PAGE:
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For a soldier who's lost an arm or a leg in combat, life after an injury is never easy, but there are lots of role models for what's possible. They learn to ski and snowboard, kayak and run marathons with their prosthetic limbs.
You won't find the same kind of role models for another common injury of the Iraq War: traumatic brain injury. NPR's Joseph Shapiro reports from Walter Reed Army Medical Center in Washington.
JOSEPH SHAPIRO: Army Specialist Freddy Meyers sits in the white gazebo next to the lily pond beyond the outpatient barracks at Walter Reed. He's tall, thin and boyish - well, he's only 21.
He's got a winning smile, and he brims with optimism, even on this day, just hours before a meeting that will determine his future in the army.
Specialist FREDDY MEYERS (US Army): Well, it's actually a doctor's appointment, and then he's going to give me advice on what my limitations can - or what I'm allowed to do.
SHAPIRO: Freddy Meyers wants to return to active duty. The doctor will determine if he can. Usually, that isn't even a remote possibility for someone who's had a penetrating head wound. And in May of last year, while on patrol in Iraq, Freddy Meyers was shot in the head.
Spc. MEYERS: I actually have a list of the questions I'm going to ask him in my PDA.
SHAPIRO: He pulls out the PDA from a pocket on the pant leg of his uniform. Meyers still has problems with his short-term memory. To compensate, he's had to learn to be very organized and write down the things he needs to remember, like the questions for the doctor.
Spc. MEYERS: I'm going to ask him about my physical limitations, protective profile, my jump status, my deployability, what the effect of multiple concussions will be, Ranger school, duty restrictions.
SHAPIRO: Meyers was on patrol when a sniper's bullet ripped across the top of his head, pushing fragments of his skull into his brain. When he awoke from a drug-induced coma, Meyers couldn't talk to his wife and parents at his bedside. He couldn't walk.
Now when he takes off his black beret, you can make out a scar in the shape of a horseshoe from the back of his head to his forehead. That's where doctors removed a large piece of his skull to relieve the pressure on his swollen brain.
Meyers figures he can't go back into combat. He's at high risk if he suffers another head injury or just the concussion that's common from being near an exploding IED. But he'd like to get retrained, possibly to work stateside at an Army hospital like this one.
Spc. MEYERS: Well, I'm hoping to get into physical therapy and help out other people who've been injured, not just necessarily brain injuries, but combat injuries is what I'm looking at getting into and helping out.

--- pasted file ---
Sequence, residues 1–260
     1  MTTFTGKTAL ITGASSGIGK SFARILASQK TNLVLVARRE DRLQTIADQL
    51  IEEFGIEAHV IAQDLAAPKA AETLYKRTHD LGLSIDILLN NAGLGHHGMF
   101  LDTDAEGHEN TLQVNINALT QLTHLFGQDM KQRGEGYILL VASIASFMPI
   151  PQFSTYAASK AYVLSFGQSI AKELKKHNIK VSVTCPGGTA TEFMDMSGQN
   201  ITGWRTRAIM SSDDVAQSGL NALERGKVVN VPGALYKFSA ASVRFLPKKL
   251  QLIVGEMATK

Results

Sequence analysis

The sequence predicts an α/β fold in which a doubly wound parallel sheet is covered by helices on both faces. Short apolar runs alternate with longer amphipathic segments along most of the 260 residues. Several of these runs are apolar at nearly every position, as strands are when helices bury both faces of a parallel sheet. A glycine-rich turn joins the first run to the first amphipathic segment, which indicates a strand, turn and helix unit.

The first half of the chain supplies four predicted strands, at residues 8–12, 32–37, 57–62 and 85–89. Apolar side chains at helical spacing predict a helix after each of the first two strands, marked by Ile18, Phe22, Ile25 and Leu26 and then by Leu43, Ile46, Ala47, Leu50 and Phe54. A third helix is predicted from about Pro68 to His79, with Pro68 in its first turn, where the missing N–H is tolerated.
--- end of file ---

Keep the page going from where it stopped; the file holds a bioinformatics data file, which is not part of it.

SHAPIRO: Army Major David Rozelle knows what it means to be a role model. His foot was amputated after a land mine explosion. Rozelle was the first soldier in this war to then go back into combat with a prosthesis. He says there's a lot of pressure on people who are first to make people accept them.
Major DAVID ROZELLE (US Army): What Freddy's going to have to deal with when he goes back and is around his fellow soldiers and he's having to use the PDA or whatever trigger he's going to use to make him remember different stuff, you know, he's going to have to look at his buddies in the eye and say hey, guys. I'm going to be okay. You know, this is just how I do this now. It's adaptation. It's tough.
SHAPIRO: Up to 20 percent of soldiers say they sustained a brain injury in Iraq. That's according to a recent study by the RAND Corporation. The Army doesn't keep track of the ones who return to duty, but traumatic brain injuries are some of the trickiest to treat, and healing is unpredictable.
There's been on soldier, at least, who went back into combat after a penetrating head injury. More common, though, are the ones who want to go back to duty but can't.
Louis French runs head-injury programs at Walter Reed.
Dr. LOUIS FRENCH (Walter Reed Army Medical Center): In some cases, a person's desire may not be enough. And that's a very difficult thing to tell someone, that they are not able to do what they want to do. But we are constantly, I think, trying to balance the reality of the issues related to their injury with their desire.
SHAPIRO: As for Freddy Meyers, he knows he's had a better outcome than most. He still has trouble with short-term memory. He had seizures and he's not cleared yet to drive a car, but while at a rehab facility in Johnstown, Pennsylvania this spring, he put on his uniform and worked five days a week at a National Guard armory.
The job wasn't glamorous. He did clerical work. That's the sort of thing he needed to show he could do to get the okay to go back to duty. Still, he thinks he can be a role model for other soldiers with brain injuries.
Spc. MEYERS: I believe my story's pretty inspiring, and I'm hoping that it will show people how far you can come, because they thought I was a goner, you know.
SHAPIRO: Earlier this month, Meyers did get the go-ahead to return to duty doing support work at his base in Hawaii. He's scheduled to leave Walter Reed tomorrow. Joseph Shapiro, NPR News.
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